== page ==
Disrupting Deportation – How to Effectively Vacate your Noncitizens Criminal Convictions for Immigration Purposes
Since the federal government has failed to provide immigration reform, often times the only way to prevail in immigration court is to vacate your client’s prior criminal conviction or sentence to avoid deportation or to render your client eligible...
California Post-Conviction Relief for Immigrants: How to Use Criminal Courts to Erase the Immigration Consequences of Crimes
California Post-Conviction Relief for Immigrants: How to Use Criminal Courts to Erase the Immigration Consequences of Crimes guides advocates through how to use criminal courts to erase or mitigate the immigration consequences of convictions. This...
This advisory provides a step-by-step approach to help advocates analyze a case and identify goals. It can be used by criminal defense counsel, immigration advocates, and post-conviction relief counsel. It is not a substitute for consulting with a crim/imm expert, but using it should increase your expertise and help you to better discuss the analysis with the client, argue it to the judge or official, or negotiate with the other side.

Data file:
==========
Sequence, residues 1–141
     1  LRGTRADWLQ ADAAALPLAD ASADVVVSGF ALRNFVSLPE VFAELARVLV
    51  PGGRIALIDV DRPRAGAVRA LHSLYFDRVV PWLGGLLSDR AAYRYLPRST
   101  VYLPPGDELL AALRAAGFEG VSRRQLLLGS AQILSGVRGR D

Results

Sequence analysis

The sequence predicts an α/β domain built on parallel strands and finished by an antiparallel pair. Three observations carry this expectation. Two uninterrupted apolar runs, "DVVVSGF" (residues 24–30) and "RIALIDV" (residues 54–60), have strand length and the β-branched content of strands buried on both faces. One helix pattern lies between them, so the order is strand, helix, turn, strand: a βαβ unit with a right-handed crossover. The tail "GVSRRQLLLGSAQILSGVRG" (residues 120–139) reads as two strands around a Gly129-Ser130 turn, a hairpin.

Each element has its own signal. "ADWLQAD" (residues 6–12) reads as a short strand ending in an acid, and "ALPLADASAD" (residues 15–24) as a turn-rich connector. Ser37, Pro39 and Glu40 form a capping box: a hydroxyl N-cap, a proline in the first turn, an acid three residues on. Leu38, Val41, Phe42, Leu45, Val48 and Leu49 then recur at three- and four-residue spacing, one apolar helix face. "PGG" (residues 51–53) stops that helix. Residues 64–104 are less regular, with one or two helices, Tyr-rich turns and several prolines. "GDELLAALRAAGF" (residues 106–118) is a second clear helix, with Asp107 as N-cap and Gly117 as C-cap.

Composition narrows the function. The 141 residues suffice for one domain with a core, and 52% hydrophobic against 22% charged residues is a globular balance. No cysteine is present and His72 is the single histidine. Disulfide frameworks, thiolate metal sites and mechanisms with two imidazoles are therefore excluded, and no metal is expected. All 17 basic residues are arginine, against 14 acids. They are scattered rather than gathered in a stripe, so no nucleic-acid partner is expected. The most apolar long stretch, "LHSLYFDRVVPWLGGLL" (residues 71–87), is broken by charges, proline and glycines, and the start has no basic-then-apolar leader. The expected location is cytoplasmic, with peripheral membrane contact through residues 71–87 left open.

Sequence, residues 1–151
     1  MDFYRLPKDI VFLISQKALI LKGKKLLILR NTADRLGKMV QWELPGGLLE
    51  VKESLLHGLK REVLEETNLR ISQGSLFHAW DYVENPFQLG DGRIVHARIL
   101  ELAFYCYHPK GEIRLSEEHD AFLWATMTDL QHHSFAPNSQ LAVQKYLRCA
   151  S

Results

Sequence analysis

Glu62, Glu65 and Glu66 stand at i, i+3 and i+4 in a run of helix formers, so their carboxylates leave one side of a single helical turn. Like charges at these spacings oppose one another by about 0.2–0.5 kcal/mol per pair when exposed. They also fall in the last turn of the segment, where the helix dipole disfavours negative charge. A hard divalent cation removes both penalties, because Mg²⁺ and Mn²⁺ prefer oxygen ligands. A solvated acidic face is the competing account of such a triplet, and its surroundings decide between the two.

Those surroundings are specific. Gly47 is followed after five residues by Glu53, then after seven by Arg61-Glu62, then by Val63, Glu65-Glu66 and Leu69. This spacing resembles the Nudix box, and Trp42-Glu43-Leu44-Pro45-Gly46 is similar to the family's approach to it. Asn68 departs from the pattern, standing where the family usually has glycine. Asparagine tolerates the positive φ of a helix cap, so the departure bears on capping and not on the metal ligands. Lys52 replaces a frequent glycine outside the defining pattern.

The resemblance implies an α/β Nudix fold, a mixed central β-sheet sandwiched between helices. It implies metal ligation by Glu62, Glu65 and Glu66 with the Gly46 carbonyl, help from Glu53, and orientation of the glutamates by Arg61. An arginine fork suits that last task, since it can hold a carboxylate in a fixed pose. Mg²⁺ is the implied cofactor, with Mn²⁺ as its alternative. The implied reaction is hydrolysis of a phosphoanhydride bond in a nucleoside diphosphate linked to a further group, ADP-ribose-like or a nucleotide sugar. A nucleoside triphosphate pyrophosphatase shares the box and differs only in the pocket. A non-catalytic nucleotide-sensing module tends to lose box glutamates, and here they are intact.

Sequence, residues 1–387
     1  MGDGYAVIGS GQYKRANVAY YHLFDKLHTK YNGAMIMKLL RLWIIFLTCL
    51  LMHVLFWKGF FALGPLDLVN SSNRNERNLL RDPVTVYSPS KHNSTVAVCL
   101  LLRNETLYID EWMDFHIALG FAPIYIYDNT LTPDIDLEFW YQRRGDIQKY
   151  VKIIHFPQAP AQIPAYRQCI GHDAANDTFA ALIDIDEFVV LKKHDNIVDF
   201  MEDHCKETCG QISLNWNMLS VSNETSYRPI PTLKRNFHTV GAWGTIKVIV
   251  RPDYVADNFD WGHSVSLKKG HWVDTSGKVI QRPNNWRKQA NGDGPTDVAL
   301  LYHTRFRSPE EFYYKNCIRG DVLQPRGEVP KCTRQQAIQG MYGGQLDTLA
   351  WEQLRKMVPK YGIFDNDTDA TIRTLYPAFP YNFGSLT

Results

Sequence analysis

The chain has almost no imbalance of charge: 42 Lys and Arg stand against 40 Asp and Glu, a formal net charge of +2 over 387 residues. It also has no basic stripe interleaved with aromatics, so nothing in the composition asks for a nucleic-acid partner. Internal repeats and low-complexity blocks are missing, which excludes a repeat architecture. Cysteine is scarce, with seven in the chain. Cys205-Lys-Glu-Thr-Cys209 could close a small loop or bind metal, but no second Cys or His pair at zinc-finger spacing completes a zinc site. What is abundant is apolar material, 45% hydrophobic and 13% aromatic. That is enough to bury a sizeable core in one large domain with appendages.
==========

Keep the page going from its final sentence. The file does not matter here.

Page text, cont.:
In this webinar, you will learn how to effectively vacate convictions in criminal court to meet the required Pickering standard of “legal invalidity”. We will discuss whether recent resentencing laws and vacaturs enacted for victims of human...
The Immigrant Legal Resource Center (ILRC) is one of only a few technical assistance organizations nationally and in California with expertise on immigrant post-conviction relief, including clean slate and other record clearance remedies. Immigrants with criminal convictions are more vulnerable than any other group to being a target for deportation and make up the overwhelming majority of deportations that occur in any year.
The ILRC works to protect the rights of individuals who have come into contact with the criminal justice system through policy and advocacy efforts, numerous in-person and webinar trainings, case-specific assistance, and our pro bono immigrant post-conviction relief project.
For people whose convictions effectively close all doors to immigration relief, vacating the conviction in criminal court is the only way to preserve a chance of remaining in the United States. The underlying convictions are frequently unlawful. Commonly, the defect lies with a noncitizen defendant’s failure to understand or have been advised or defended against a conviction’s immigration consequences. Recognizing that “deportation is an integral part—indeed, sometimes the most important part—of the penalty that may be imposed on noncitizen defendants,” the Supreme Court held in Padilla v. Kentucky that a defense counsel’s failure to provide this immigration advice renders a conviction unconstitutional.”